By: Nat Segaloff
Since 1973, The Exorcist and its progeny have scared and inspired half a century of filmgoers. Now, on the 50th anniversary of the original movie release, this is the definitive, fascinating story of the scariest movie ever made and its lasting impact as one of the most shocking, influential, and successful adventures in the history of film. Written by Nat Segaloff, an original publicist for the movie and the acclaimed biographer of its director, with a foreword from John Russo, author and cowriter of the seminal horror film Night of the Living Dead.
On December 26, 1973, The Exorcist was released. Within days it had become legend. Moviegoers braved hours-long lines in winter weather to see it. Some audience members famously fainted or vomited. Half a century later, the movie that both inspired and transcends the modern horror genre has lost none of its power to terrify and unsettle.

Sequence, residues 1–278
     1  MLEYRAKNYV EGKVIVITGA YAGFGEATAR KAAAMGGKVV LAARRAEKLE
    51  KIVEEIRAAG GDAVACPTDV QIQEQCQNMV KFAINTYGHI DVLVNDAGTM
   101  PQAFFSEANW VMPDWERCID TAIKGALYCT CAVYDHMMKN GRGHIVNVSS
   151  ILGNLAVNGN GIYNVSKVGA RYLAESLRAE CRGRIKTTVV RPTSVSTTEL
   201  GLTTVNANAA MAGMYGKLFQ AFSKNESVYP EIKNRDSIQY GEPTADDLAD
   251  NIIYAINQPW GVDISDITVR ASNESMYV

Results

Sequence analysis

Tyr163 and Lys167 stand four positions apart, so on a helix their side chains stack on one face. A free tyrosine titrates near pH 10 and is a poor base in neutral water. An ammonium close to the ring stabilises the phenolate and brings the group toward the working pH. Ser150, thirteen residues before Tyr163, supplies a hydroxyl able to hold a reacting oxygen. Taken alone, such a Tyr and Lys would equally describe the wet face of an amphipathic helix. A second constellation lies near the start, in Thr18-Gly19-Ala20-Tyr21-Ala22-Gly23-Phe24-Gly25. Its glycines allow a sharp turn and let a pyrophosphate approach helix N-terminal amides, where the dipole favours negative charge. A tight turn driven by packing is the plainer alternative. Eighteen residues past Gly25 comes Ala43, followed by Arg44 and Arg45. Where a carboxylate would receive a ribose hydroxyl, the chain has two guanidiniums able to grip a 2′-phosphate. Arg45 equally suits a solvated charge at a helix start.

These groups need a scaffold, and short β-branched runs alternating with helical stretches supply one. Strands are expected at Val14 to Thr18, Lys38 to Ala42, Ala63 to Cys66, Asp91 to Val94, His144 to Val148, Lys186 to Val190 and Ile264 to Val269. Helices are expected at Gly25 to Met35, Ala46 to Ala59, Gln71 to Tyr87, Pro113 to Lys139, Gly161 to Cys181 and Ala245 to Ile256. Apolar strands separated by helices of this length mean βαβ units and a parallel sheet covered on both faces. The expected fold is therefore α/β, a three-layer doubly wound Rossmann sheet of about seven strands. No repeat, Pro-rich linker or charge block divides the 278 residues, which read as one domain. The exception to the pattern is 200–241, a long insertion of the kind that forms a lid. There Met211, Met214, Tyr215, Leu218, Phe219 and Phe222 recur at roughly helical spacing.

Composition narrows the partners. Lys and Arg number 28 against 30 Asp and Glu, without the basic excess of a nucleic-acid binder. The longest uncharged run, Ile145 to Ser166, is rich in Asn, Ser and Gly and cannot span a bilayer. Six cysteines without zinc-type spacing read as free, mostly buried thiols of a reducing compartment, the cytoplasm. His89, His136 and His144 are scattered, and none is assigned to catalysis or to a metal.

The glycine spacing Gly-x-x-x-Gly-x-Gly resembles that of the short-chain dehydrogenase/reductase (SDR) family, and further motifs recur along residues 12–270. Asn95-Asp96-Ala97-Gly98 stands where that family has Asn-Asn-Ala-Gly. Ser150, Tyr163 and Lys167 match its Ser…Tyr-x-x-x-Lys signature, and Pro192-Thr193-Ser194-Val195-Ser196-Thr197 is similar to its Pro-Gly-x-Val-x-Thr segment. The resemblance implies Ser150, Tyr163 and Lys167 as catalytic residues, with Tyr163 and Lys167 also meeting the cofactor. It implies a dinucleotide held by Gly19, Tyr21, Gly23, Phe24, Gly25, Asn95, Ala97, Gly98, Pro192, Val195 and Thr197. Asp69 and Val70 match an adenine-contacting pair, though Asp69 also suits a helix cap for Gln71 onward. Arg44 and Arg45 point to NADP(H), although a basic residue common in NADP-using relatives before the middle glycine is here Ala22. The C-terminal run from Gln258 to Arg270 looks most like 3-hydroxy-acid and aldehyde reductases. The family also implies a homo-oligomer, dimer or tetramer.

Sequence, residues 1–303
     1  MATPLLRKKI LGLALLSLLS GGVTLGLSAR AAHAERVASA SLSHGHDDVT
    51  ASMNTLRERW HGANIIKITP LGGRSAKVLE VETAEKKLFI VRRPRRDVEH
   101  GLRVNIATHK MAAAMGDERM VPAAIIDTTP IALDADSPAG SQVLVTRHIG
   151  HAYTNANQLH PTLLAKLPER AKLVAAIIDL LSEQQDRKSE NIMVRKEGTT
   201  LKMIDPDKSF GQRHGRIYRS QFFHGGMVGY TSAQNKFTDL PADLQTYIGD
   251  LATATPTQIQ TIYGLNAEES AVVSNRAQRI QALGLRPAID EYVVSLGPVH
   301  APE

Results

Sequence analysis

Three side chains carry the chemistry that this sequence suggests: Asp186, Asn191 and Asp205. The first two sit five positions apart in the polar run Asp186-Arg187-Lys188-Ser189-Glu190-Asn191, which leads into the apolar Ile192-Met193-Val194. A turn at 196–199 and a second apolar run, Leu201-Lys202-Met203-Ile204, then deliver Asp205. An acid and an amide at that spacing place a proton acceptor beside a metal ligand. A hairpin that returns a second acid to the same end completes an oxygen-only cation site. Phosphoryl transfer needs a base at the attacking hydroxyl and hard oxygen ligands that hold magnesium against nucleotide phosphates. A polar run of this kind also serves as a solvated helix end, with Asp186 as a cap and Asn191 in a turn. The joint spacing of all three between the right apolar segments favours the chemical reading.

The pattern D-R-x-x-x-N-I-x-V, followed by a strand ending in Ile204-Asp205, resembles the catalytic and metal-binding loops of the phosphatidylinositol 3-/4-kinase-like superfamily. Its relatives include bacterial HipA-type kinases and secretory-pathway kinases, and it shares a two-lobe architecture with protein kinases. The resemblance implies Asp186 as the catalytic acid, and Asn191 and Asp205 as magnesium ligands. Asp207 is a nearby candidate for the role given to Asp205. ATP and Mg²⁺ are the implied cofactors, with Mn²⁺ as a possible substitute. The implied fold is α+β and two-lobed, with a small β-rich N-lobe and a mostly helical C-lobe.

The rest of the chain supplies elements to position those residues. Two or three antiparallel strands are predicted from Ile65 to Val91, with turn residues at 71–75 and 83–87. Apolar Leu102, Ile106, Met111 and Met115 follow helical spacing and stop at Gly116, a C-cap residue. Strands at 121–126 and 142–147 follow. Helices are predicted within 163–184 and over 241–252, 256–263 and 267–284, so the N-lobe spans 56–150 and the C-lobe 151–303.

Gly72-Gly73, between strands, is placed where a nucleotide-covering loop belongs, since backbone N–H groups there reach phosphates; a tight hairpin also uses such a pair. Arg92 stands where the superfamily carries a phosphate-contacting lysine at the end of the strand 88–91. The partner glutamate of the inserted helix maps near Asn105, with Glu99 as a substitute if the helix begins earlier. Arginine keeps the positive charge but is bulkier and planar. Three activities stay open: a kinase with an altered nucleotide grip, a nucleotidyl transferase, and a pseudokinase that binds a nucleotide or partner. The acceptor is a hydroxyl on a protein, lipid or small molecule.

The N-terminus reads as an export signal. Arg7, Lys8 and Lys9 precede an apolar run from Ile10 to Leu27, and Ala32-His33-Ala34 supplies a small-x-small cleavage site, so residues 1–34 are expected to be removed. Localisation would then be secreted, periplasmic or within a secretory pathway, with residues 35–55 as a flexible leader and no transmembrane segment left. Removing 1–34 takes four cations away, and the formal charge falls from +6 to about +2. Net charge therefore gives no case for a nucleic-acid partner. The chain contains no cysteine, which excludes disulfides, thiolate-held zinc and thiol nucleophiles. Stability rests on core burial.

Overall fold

The Exorcist Legacy reveals the complete story of this cultural phenomenon, from the real-life exorcism in 1949 Maryland that inspired William Peter Blatty’s bestselling novel on which the movie is based, to its many sequels, prequels, TV series, and homages. Nat Segaloff, biographer of the film’s director, William Friedkin, draws on original interviews with cast, crew, and participants as well as revelations from personal papers to present an intriguing and surprising new view of the making of movie, and its aftermath.
Segaloff also examines as never before the keys to the movie’s enduring appeal. Friedkin and Blatty’s goal was far more ambitious than making a scary movie; they aimed to make people “think about the concept of good and evil.” The Exorcist succeeds, and then some, not just by creating on-screen scares, but by challenging viewers’ deepest personal beliefs—and fears.